Along with 54 other youth ages 7 to 17, the 13-year-old has been acquiring life skills through the game of golf.
Every time Joshua, a Lithonia Middle School sixth-grader, pulls out his driver or putter, he said he is reminded of the lessons he is learning in the H&J Junior Golf program.
"You learn to be respectful, kind to people and to have integrity," he said. "Golf is just a very honest game."
H&J Junior Golf is a non-profit organization that uses golf to teach life skills, education, employment and business ownership. Jerome Brown, the executive director and founder of the Lithonia-based group, started the program along with his wife, Helen Brown, in 2000 after he retired from being a hospital administrator with the Department of Veteran's Affairs.
"We target youth who have no golf experience and we try to get them to the point that they can at least play nine holes of golf," he said. "Our ultimate goal is to get these juniors to be able to hit a golf ball 150 yards."
The third Sunday of each month, the group meets at Mystery Valley Golf Club in Lithonia. There, the youth take part in clinics that focus on golf basics and skills. Instructors like Billy Balmer and John Crumbley from Mystery Valley conduct the clinics from 5 p.m. to 6:30 p.m. and the youth learn life skills until 7:30 p.m.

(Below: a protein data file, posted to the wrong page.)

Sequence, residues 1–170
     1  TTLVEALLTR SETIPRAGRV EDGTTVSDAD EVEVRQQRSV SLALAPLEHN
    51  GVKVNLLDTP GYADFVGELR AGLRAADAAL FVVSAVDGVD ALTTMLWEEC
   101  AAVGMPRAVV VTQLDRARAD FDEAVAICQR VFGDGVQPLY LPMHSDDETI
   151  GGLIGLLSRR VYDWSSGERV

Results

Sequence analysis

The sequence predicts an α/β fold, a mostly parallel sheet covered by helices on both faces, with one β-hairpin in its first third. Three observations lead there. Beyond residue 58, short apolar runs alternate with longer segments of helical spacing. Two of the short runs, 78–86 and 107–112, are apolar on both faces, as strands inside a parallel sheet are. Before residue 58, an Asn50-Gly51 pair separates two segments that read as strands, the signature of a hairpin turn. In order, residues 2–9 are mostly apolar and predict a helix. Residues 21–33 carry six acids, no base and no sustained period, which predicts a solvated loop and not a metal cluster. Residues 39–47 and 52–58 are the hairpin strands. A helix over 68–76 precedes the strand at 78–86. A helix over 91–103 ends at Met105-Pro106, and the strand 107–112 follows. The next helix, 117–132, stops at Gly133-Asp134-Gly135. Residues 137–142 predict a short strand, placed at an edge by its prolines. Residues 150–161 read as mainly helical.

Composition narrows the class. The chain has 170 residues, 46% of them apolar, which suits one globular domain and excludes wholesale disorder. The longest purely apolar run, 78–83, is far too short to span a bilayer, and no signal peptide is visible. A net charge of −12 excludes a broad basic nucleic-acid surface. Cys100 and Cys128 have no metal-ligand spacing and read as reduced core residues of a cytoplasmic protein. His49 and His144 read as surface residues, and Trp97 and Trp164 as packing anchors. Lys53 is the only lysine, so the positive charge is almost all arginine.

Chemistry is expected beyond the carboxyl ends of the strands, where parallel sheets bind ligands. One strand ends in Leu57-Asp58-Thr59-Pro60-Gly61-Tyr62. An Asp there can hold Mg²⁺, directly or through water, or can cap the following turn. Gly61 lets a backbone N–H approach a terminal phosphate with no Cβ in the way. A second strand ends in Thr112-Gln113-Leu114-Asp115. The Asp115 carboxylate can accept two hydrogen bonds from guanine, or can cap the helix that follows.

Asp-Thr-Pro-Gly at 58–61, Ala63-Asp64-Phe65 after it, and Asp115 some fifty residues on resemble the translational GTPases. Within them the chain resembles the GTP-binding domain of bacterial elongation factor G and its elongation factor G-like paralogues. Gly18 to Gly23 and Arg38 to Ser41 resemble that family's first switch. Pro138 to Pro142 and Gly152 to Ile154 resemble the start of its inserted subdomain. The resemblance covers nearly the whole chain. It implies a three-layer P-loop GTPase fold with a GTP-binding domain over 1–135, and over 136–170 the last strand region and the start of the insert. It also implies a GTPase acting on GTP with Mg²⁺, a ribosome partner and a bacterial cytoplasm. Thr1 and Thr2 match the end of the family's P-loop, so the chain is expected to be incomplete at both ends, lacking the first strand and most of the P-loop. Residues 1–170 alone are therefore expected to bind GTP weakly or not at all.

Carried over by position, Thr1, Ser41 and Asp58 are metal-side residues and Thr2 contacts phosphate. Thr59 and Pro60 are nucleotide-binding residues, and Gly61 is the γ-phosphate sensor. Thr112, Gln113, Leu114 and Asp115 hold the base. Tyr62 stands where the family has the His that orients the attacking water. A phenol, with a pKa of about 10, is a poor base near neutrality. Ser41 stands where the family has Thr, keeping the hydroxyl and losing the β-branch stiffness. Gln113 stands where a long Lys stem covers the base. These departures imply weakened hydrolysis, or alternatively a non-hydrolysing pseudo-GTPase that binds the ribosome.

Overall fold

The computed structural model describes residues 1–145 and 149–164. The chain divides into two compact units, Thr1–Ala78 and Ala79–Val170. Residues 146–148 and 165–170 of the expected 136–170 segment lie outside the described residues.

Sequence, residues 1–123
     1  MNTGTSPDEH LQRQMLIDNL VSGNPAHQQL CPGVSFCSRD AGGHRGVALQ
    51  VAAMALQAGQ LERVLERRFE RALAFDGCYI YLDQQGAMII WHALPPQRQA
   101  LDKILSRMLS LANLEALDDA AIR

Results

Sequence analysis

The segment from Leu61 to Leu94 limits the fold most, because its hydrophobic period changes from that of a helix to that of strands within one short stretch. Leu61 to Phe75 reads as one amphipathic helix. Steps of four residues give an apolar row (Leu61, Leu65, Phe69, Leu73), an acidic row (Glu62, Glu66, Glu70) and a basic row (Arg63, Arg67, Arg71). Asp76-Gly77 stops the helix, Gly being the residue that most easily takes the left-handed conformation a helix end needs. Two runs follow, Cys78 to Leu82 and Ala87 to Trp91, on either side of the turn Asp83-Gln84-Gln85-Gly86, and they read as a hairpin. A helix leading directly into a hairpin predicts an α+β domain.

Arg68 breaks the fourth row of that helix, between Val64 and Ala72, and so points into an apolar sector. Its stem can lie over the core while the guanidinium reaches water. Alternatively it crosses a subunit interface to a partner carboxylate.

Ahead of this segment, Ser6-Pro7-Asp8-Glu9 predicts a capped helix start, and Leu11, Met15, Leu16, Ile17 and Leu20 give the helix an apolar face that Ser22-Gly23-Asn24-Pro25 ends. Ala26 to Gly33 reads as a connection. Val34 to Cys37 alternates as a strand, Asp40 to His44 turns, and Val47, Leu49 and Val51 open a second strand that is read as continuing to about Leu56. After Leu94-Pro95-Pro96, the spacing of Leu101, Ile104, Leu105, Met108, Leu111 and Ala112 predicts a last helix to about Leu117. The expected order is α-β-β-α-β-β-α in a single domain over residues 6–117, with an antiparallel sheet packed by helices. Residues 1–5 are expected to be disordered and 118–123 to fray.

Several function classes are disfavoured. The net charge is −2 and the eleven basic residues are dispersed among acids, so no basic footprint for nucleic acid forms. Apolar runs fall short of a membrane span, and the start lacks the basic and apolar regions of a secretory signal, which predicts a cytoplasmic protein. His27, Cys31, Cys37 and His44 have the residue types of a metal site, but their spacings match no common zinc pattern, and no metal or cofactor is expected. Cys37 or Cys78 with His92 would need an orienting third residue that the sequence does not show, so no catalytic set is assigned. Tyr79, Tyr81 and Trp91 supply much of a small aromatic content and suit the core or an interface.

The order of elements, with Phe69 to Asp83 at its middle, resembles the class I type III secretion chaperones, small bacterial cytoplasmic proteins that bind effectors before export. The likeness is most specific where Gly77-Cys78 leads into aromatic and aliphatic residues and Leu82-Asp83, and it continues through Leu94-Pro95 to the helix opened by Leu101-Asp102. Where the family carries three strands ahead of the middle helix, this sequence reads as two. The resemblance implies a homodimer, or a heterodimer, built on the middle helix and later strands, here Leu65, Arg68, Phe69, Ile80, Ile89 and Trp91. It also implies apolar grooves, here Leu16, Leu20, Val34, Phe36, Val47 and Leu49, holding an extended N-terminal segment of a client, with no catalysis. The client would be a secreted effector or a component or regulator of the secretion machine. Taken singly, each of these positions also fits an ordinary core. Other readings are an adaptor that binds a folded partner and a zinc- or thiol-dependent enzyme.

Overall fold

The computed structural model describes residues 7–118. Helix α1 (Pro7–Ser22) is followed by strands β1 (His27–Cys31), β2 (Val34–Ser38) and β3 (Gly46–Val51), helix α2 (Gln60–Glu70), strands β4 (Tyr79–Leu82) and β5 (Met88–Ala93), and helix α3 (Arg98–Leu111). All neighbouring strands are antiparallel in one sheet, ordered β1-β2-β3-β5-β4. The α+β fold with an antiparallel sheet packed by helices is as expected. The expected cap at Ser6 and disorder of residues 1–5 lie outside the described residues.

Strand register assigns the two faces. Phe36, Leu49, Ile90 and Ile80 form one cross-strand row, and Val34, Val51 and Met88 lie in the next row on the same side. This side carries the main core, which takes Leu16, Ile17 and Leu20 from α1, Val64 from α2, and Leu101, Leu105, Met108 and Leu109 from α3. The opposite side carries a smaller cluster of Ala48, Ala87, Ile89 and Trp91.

To celebrate the success the program and its participants have had, H&J Junior golf will be having their third annual Awards Banquet on Oct. 28 at the Marriot Atlanta Century Hotel. Every youth in the program will receive a reward and some individual prizes will also be given at the 12:30 p.m. event.
LaJean Gould, president of the Women in Golf Foundation, will be the guest speaker.
Joshua said the awards ceremony is not the biggest reward the program offers.
"We get life lessons and lots of time on the course to practice," he said.
He spent the summer playing in golf tournaments, including a tournament last Friday Oct. 6 at Southland Golf Course, which was sponsored by his church, Cathedral of the Holy Spirit.
He also has been to several tournaments such as the BellSouth Classic to see professional golfers.
Brown said the program is just a starter program that allows youth to step up to bigger programs like Project One and the Women in Golf Foundation.
He also noted that the program already works with youth from Shadow Rock Elementary in Lithonia and is in talks with other schools.
"We are going to have around 100 kids next year," he said. "Golf is a game that shows character. You can learn a lot about a person if you play golf with them."